Tasmanian Tiger
Tasmanian Tiger Wikimediacommons

The Tasmanian tiger has been extinct since 1986 – or so we're led to believe.

Despite the dog-like animal, native to Australia seemingly disappearing all those years ago, there have been a number of sightings of the animal over recent years. The tigers, or thylacines, were believed to have disappeared more than 80 years ago, with the last known individual dying in captivity in September 1936. It was not until 50 years later that the official declaration came out that the species was extinct.

The Tasmanian tiger was actually not a tiger, nor a wolf, but actually a dog-sized marsupial that had stripes along its back, which made it look like a tiger. It was long believed that disease was the cause of its extinction, but reports suggested that from 1886, the Tasmanian government encouraged residents to hunt down the Tasmanian tigers, and even rewarded those that could prove they had more than 2,000 carcasses.

Since then, however, sightings of the majestic animal have been more and more common. In 1995, a park ranger thought he saw a Tasmanian tiger in Tasmania itself. Two years later, a similar report came from Indonesia.

Notable sightings


A sighting was reported near Mundrabilla, in west Australia in the year 2000. The reporter, anonymous, said that they had just seen a documentary about the species, and thought the animal he saw was an exact copy of it.

"At the time I didn't know what it was," they wrote to the Thylacine Research Unit. "My initial impression was it looked like a prehistoric creature.

"It had a head much larger than most dogs, even pitbull. There were very distinctive stripes on its back end and it had a very thick tail."


Tasmanian tiger
The Tasmanian tiger was last seen in 1936 Tasmanian Archive and Heritage Office/Flickr

In 2006, four separate sightings of the tiger were reported near Portland, Southern Australia, in just three months.

One of the people claiming to spot the fabled animal, Anthony Ersello, told Cryptoworld.co.uk: "I'd been walking home from a party, had one beer and was walking home when I saw it on the road sitting in the middle of the intersection. It kept staring into the distance and then looked at me."

Ersello said that he wanted to take a photograph of the animal, but when he got within 15m of it, it ran off into the bushes. He added that he didn't know what it looked like, although it seemed "like a bit of a dog but it didn't really look like one."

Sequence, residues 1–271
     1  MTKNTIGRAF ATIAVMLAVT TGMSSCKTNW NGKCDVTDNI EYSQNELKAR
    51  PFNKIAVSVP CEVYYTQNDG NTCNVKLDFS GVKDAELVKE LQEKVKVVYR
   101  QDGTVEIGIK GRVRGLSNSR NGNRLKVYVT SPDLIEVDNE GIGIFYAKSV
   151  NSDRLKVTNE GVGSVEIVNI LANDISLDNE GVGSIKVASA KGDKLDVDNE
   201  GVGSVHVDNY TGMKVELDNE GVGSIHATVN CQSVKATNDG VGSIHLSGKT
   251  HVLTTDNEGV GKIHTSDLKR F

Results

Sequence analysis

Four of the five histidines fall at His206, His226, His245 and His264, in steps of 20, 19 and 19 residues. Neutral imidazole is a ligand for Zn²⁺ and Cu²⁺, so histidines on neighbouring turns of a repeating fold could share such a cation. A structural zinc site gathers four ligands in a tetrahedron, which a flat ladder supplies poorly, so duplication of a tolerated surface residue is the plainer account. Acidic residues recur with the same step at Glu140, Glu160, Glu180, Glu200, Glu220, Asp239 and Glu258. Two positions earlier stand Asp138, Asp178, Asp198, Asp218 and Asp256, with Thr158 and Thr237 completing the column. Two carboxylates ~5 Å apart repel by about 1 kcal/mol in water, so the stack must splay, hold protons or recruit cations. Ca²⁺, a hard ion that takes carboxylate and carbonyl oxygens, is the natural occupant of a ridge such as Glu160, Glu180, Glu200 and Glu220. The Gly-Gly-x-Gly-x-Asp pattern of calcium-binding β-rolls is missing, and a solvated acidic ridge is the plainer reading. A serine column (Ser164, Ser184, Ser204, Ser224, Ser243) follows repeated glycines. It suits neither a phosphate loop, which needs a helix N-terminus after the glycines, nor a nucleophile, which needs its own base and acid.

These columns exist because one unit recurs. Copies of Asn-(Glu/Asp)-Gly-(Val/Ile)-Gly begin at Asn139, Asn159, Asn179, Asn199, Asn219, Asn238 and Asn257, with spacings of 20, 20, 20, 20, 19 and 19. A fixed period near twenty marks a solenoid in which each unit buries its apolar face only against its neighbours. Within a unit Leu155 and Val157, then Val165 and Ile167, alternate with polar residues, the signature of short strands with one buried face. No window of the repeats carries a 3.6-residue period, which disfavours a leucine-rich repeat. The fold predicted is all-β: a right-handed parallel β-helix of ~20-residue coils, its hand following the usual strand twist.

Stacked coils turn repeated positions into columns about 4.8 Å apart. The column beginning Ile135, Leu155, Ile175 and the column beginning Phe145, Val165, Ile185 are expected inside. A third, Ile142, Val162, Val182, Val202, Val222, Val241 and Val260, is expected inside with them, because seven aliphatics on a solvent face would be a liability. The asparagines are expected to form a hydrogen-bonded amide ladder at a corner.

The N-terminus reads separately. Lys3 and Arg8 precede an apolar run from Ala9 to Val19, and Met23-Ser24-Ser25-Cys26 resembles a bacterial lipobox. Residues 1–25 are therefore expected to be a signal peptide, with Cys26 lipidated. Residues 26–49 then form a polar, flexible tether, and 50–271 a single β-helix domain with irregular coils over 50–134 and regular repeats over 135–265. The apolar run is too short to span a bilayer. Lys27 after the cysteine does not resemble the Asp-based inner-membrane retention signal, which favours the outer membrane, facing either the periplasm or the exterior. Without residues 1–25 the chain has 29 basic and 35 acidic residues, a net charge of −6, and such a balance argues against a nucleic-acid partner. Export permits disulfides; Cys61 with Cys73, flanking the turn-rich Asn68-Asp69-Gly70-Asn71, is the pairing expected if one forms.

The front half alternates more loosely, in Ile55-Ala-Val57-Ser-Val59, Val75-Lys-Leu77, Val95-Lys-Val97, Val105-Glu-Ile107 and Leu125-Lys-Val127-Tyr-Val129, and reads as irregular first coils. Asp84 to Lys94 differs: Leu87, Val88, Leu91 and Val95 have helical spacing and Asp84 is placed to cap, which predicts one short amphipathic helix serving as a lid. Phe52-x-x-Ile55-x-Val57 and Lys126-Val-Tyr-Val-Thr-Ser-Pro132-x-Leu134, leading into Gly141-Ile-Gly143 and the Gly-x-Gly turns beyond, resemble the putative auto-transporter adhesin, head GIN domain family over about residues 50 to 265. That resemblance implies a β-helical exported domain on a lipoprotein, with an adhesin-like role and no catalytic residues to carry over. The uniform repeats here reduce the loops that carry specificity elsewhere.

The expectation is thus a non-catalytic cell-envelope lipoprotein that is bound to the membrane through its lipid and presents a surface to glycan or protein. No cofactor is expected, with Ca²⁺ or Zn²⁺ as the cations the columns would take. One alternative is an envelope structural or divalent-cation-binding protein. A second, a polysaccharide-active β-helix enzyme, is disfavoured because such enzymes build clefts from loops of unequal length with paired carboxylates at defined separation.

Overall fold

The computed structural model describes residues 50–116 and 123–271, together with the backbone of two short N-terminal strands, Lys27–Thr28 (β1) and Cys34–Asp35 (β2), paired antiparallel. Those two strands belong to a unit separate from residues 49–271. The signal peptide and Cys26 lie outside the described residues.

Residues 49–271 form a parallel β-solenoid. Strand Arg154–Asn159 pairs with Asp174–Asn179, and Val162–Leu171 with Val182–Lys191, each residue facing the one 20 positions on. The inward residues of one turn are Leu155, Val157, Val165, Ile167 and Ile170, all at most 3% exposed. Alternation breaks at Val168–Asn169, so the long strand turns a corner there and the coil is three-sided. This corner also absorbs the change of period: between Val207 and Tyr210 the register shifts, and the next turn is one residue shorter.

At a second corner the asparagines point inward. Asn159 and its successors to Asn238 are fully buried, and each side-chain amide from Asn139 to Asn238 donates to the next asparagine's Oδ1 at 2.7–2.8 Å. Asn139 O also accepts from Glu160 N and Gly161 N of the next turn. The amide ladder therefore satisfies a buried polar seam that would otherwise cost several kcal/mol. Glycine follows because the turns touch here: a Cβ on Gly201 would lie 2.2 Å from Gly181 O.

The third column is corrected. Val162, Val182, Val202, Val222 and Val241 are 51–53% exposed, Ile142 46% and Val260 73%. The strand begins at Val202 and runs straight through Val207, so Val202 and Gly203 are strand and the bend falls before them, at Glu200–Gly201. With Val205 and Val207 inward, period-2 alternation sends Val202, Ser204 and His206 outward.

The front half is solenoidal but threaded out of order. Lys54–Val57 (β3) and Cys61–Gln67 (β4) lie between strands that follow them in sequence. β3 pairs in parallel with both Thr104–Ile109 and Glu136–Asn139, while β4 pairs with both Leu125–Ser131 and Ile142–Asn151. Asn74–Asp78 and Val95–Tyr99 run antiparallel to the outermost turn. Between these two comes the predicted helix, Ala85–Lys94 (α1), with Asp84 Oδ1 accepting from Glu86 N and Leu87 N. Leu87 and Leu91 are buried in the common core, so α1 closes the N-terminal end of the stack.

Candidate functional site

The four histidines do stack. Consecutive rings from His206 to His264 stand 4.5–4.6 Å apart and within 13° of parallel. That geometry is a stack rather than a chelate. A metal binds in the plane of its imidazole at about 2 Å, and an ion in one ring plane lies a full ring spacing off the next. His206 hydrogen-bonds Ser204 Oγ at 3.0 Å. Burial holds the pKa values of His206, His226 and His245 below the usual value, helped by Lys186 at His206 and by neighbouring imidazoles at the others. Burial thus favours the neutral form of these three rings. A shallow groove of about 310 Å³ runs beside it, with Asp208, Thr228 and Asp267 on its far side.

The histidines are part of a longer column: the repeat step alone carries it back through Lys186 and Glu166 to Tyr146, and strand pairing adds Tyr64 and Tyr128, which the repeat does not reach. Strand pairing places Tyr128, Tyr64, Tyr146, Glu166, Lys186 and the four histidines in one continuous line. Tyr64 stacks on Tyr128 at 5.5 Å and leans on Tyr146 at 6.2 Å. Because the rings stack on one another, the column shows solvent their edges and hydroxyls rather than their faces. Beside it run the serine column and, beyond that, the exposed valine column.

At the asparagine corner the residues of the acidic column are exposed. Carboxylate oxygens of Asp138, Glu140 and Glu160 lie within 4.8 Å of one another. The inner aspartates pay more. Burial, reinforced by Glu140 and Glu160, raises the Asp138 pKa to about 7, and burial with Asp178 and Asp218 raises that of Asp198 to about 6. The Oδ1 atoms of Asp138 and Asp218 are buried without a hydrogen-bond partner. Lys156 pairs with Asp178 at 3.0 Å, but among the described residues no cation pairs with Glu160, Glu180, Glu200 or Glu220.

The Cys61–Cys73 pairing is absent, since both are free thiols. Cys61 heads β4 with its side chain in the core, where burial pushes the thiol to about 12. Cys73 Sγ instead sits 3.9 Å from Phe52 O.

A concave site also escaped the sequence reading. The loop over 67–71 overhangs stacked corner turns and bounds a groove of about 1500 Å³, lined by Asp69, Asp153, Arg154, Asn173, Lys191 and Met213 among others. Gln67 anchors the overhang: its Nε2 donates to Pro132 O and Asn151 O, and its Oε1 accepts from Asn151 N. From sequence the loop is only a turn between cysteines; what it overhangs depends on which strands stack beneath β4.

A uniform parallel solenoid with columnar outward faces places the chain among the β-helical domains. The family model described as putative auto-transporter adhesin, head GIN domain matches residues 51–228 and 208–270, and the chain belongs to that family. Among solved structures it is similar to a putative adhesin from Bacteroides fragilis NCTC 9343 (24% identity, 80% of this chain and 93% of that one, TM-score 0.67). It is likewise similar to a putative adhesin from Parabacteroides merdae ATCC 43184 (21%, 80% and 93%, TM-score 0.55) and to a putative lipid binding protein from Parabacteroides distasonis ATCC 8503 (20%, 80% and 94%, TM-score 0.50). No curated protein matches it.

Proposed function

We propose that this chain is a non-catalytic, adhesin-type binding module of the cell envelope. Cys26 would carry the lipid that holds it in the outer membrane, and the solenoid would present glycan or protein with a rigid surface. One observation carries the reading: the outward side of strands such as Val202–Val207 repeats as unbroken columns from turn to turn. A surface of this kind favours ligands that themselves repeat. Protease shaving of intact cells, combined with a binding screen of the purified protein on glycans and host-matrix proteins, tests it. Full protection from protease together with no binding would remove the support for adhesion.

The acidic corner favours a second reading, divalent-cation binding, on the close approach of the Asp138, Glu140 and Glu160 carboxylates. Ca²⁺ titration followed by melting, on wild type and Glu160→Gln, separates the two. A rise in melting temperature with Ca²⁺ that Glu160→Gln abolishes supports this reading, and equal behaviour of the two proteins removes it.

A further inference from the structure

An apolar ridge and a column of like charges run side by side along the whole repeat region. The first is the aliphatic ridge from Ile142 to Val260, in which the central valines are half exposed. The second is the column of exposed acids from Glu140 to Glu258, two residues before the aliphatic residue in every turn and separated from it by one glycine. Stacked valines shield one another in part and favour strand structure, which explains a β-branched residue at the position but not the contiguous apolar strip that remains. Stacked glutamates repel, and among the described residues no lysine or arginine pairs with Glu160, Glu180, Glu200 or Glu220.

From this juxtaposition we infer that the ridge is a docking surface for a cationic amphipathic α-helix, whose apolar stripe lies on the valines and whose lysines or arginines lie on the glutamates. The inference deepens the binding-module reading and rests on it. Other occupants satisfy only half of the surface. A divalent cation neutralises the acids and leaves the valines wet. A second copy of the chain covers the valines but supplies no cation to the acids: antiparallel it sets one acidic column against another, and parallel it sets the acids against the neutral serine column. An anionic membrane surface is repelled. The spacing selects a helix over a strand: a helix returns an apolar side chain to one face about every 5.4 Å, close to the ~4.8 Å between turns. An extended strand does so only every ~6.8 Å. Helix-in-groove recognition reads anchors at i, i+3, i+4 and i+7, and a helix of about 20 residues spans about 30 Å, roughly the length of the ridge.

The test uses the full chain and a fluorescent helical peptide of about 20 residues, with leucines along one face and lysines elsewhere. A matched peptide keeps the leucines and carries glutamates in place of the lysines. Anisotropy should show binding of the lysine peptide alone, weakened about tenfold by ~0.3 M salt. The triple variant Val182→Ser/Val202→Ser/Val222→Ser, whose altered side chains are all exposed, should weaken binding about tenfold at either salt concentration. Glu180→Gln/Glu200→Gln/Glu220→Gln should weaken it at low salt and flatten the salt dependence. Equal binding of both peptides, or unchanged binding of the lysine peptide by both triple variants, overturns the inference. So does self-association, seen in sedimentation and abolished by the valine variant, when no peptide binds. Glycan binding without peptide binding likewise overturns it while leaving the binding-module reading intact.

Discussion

A mother and two children were driving to the beach when a four-legged animal ran out ahead of them, in Anglesea, Victoria. They immediately started to eliminate animals aloud, thinking it could not be a dog, or a cat, or a deer.

The mother said: "It was the most stunning thing I have ever seen because I was so in shock. Later we googled Tasmanian tiger and I am still 100% convinced that is what I saw because the diagrams and the distinctive features all matched."


In July 2015, Tasmanian tiger hunter Michael Moss, claimed to have dashboard camera footage of the elusive carnivore.

"I've got footage of what I believe is one crossing a paddock in the Strezlecki Ranges, near Wilsons Promontory," said Moss. "Most reports to date have been of animals near or crossing roads ... with the advent of dashboard cameras in cars, I think we will see some concrete evidence before much longer."

Just one month later, another sighting was reported in Southeast Tasmania. Two separate witnesses claimed to spot a tiger when they were driving home. The official report said: "A fast moving object running on all fours came out of a driveway and started running up the road in the direction we were heading.

"It was a light fawn colour and had dirty light grey stripes/ saddle on its back. Not bold black stripes like some pictures show of tigers."


On January 4, a caravan park owner from Victoria claimed to spot one of the extinct animals roaming about one of his sites. "It didn't look like a dog, didn't look like a cat, didn't look like a fox, it looked like a Tasmanian Tiger," caravan park owner Tony Holgate told 7 News.

However, Marissa Parrot, Melbourne Zoo's reproductive biologist thinks he probably just saw a sick fox. "If (foxes) have a disease called mange, they can get a striped appearance and a thin tail, it can be mistaken for a Tasmanian Tiger." Holgate wants the Australian government to investigate the sighting.